As with Ferrer, I’ve already kind of covered JMDP but I’ll elaborate on a few points. The Argentine’s success is very dependent on his fitness as this is his first tournament back after having withdrawn from his Madrid match against Nadal with a muscle tear. It is hard to know whether he is healthy enough to play but my inclination is that he is, when you’ve previously had a year out through injury you don’t take risks when it comes to your body. His match fitness is another matter though as he hasn’t played a five set match since the 2010 Australian Open and he won’t be able to ease himself in gently as he is facing big serving Ivo Karlovic in the first match (a draw that I imagine neither of them wanted). In his last appearance at Roland Garros in 2009 he made the semi-finals where he lost to eventual champion Roger Federer so he can play on clay. As I said I really think he could push Djokovic, especially as it is fairly early on in the tournament and he will still be relatively fresh but if he does win it will be a hard fought victory and I doubt he’ll be able to muster the strength to defeat his likely next opponent, Madrid semi-finalist Bellucci.
If there’s any man who comes near to Djokovic for success rates this year it is Almagro who has already notched up three titles , been runner up once and semi-finalist twice this year. He is fresh off the back of his success in Nice and has a fairly easy start to the tournament playing a qualifier so momentum should be in his favour. He is a very talented clay court player who reached the quarter-finals at last year’s French Open (l. Nadal). Whilst he has the form I do question his ability to win the big matches and I think if Murray’s playing well a quarter-final victory against him may be a step to far. Whatever happens he is certainly a very dangerous outsider.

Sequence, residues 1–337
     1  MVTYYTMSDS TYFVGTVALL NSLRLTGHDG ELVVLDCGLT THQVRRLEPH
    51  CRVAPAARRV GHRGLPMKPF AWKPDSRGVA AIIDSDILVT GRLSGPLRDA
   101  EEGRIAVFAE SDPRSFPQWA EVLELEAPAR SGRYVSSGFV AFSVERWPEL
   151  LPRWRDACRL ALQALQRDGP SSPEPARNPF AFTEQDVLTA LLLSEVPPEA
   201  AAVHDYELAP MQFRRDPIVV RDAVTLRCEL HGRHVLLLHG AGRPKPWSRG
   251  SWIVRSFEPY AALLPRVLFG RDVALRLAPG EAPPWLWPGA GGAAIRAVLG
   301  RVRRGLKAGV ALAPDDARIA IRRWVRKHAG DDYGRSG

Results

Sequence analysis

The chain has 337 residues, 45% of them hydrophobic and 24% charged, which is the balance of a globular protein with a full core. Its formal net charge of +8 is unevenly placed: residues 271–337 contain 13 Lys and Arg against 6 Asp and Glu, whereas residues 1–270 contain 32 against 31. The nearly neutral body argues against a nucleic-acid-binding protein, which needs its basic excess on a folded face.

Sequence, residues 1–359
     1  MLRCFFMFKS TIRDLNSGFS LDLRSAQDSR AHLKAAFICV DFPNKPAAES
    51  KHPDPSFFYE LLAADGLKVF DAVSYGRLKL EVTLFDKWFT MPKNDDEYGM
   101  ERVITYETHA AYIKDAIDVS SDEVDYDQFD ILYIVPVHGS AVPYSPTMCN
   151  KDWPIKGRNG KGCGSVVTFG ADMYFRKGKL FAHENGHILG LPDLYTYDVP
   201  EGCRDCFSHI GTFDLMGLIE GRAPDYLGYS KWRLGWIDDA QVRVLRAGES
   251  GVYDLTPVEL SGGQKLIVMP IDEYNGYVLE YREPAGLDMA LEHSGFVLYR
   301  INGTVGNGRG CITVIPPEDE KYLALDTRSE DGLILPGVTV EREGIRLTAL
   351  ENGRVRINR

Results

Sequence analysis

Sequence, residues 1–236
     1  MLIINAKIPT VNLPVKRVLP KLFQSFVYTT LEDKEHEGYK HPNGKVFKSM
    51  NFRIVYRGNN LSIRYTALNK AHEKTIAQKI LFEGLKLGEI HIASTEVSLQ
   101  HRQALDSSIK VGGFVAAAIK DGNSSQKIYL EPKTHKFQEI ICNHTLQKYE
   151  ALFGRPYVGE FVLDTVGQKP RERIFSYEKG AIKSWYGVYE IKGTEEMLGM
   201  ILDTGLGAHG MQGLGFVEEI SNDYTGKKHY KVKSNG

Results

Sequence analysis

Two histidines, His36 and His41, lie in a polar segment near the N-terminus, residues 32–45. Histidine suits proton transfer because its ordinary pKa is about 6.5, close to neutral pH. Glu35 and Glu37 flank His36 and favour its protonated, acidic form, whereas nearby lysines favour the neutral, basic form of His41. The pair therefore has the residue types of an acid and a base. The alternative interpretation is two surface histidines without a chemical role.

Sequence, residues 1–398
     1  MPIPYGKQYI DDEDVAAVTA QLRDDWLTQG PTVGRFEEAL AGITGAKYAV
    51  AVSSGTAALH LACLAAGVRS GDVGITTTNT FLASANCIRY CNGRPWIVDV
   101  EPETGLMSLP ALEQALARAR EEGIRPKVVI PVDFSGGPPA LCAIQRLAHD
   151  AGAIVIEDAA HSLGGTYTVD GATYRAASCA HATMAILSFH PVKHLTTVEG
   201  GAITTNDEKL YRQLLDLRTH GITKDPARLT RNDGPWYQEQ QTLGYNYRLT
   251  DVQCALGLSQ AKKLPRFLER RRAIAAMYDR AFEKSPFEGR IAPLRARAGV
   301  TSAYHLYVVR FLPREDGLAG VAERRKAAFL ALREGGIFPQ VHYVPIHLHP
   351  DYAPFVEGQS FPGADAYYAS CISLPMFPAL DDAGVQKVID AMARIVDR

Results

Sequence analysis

The only significant player that I haven’t mentioned is Federer and that’s because aside from taking a set off Nadal in Madrid he has shown very little to convince me that he’s a serious contender. I have said before that I am very firmly in the ‘never write Fed off’ camp because he is such a sublime player that he has the ability to pull almost anything out of the bag but I believe that on the clay courts of Roland Garros is the last place he will do this. Federer is at his most uncomfortable on clay and unfortunately for him there are great players out there who relish the opportunity to get coated on the dirt. For Federer to win another French Open title I think he needs to rely on others playing badly and with so many good players in the mix that is not going to happen. Gasquet and Monfils are probably the only other two worth a nod but whilst they both have the game to win their home slam I cannot see either of them doing it. They are both a little too unpredictable (Monfils especially) and for either of them to string together seven victories against a strong field is a major ask, especially as they will probably both face extremely tough fourth round matches with Gasquet possibly playing either Djokovic or JMDP and Monfils most likely confronted with Ferrer.
Bits and bobs
- Spare a thought for John Isner. Less than a month ago the American skyscraper of a man would have been seeded for French Open but after first and second round exits in Madrid and Rome he dropped to 39 in the rankings meaning he went in the main draw without any protection, and now he has to face Nadal in the first round. If you’re in Paris on Tuesday and hear a large crash it’ll be the big man being felled.
- One issue that I haven’t addressed is the change in balls at the French Open; in the past they’ve used the heavier, slower Dunlop balls whereas this year they have switched to Babolat which are reportedly a lot quicker. Whilst the players have had the opportunity to practice with the new balls they could still play a deciding role in close matches, especially those where a change of balls comes at a crucial moment.
- If you want to read anyone else’s opinions on the runners and riders for the French Open I suggest you look at these articles by Matt Cronin of @tennisreporters. Women’s and Men’s.